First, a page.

It's that time of year again. The summer heat makes your AC-less apartment an unbearable sauna, and you can't stand in front of the freezer anymore because you left it open for so long you overheated the motor. Now you either have to pitch everything or eat everything; both options create a lot of waste. But while you stand dangerously close to your ceiling fan because you're afraid the sweat is going to literally make your boxers disintegrate, you're comforted by the fact that fantasy football season is here again.
Based on the fact that 90% of you are regular commenters here (or elsewhere), I know two things. One, you guys know your football. And two, you guys likely play fantasy football. C'mon, if you're checking blogs, you're a player. Just embrace it.
I myself have been a player since my sophomore year of high school. Our first draft was during Honors Geometry class. There were only four of us, and we just kept passing a sheet of paper with names sorted by position, crossing them out one-by-one as we made our selections. Our commissioner collected the stats of our teams every week and delivered the results by Wednesday.
The next year, we expanded the league from four to ten teams, and we actually held a live draft in my friend's basement. Internet access was scant for me at the time, and I was not yet aware of fantasy football magazines, so I used the only resource I had available: Madden 2005 for Playstation 2.
I had a comprehensive list that went deep into the heart of all 32 rosters. Unfortunately, I didn't use real stats, but Madden stats, which led to this exchange:
Evan (the commissioner): Ok, pick 7, that's Mitch. Who do you want?
Me (with a huge grin): Michael Vick.
Nine other people, in unison: WHAT?!
Yes. I once took Michael Vick with a first round pick. Each year since, every time my pick is up, at least two people shout out "Michael Vick!" on my behalf. Very funny, guys. (By the way, I took third place in the league that year, with Michael Vick as my first rounder. So there.)
Last year, I really came into my own. I won a one-time league from my summer job, thanks to Aaron Rodgers, Larry Fitzgerald, and Michael Turner. I took third in my high school league, largely because of an 8-1 start fueled by trading down in the first and third rounds and ending up with five picks in the first three rounds (I am the Ted Thompson of fantasy drafts.) More relevant, I took third in the first annual Acme Packing Company fantasy football league.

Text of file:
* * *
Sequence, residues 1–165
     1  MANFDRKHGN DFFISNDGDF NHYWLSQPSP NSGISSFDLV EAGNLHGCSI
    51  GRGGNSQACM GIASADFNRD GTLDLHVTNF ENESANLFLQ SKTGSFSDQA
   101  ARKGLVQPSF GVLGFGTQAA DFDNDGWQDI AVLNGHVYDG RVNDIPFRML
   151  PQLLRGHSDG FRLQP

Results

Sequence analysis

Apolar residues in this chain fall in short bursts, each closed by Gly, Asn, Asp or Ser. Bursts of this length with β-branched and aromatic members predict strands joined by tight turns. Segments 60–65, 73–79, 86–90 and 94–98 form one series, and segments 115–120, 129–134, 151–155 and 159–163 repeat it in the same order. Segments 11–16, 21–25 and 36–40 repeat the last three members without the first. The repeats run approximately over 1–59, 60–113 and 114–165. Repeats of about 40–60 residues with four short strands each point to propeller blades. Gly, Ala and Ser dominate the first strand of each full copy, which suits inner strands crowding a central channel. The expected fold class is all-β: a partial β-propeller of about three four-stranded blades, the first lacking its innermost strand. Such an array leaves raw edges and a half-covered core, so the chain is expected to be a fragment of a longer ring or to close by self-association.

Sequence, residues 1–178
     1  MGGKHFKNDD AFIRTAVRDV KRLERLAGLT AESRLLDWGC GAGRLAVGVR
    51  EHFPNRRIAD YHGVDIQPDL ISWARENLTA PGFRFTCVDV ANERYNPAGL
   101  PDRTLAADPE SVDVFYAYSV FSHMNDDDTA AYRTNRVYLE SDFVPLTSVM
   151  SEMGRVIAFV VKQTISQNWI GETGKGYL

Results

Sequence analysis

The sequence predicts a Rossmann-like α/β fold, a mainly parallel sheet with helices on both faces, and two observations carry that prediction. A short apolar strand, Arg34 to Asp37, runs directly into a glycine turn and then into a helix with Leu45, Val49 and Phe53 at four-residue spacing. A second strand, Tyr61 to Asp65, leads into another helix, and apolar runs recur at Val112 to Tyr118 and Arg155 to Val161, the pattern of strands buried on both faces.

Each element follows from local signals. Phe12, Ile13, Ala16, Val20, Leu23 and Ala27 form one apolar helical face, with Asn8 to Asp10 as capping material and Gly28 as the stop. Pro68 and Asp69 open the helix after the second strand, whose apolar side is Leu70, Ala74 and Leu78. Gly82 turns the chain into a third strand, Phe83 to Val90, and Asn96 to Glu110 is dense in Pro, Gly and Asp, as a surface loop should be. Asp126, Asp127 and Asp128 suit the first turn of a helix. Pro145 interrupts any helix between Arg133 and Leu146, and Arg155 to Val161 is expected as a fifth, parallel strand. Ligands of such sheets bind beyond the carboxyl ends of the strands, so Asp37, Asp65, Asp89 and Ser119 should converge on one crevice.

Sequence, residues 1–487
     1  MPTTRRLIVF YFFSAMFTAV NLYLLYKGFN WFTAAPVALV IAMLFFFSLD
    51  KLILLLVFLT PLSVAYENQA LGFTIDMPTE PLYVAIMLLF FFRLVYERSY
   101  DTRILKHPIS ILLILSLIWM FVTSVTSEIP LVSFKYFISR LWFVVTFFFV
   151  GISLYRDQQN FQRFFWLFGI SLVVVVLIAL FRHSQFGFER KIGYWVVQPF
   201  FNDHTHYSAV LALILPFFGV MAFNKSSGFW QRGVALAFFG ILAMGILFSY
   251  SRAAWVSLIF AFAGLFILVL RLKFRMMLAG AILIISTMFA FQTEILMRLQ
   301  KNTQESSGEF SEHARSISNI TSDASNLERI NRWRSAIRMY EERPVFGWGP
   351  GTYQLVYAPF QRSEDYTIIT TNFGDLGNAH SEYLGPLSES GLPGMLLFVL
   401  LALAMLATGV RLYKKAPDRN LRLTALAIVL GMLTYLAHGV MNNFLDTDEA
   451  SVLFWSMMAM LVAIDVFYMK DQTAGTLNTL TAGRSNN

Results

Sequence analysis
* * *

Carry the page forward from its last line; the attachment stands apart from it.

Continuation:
Brandon advertised it last month here, and again last week here. This league is not yet filled, so I implore you to join it. Just know that I fully intend to decimate all opponents this year in redemption of my disappointing finish last season. Consider yourselves warned.
But, hey, what's the fun in grinding your opponents into dirt without giving them a fighting chance. I love a challenge, and nothing would be more challenging than imparting some of my proven wisdom to my potential competitors/future victims. With that, here's a short list of tips for you for your fantasy drafts.
Tier and rank the three main positions (QB, RB, WR). Unless you have the first overall pick, you have some major decisions to make in your draft. Do you focus on one position, or do you simply grab the best player available? But what if there's two elite players at the same position? Different positions? What about in rounds 3 and 4 when you need to draft another WR, but there's a stud QB staring you in the face? Decisions, decisions.
Here's the solution for your woes. First, seperate your list of players into groups, or tiers. The first tier should be "elite", the second should be "very good with upside", the third should be "very consistent", and so on. Then, after you've made your groups, rank them by preference.
For example, there are four running backs that figure to make up the "elite" tier: Adrian Peterson, Michael Turner, Maurice Jones-Drew, and Matt Forte. The next running backs are players like Brian Westbrook and DeAngelo WIlliams, who simply don't stack up to the criterion of the "elite". Each of the four top backs will likely be gone by the first round, but there isn't a consensus to what order they'll go in. If you think AP and The Burner will continue their success from last year, rank them higher. Or, if you think that the "Curse of 370" will hinder them, or if you put a higher value on an RB's participation in the passing game, rank MJD and Forte higher.
You can do this for each tier at each position. The benefits for this are twofold. First, it helps establish value across positions and puts an ordered preference on your draft chart. Second, it helps you make those tough decisions between rounds 2 and 6. For example, say you group Andre Johnson and Calvin Johnson in the same tier. Picking between them is a matter of preference.
However, say Calvin Johnson is the last available player in his tier, and all the other top-tier players at RB and QB are gone as well. Should you get a player at a lower tier, or should you stick with your system and pick Megatron? Obviously, getting an elite player is crucial to fantasy success, and you should take Johnson. He will help your team more than a Ronnie Brown or Matt Schaub.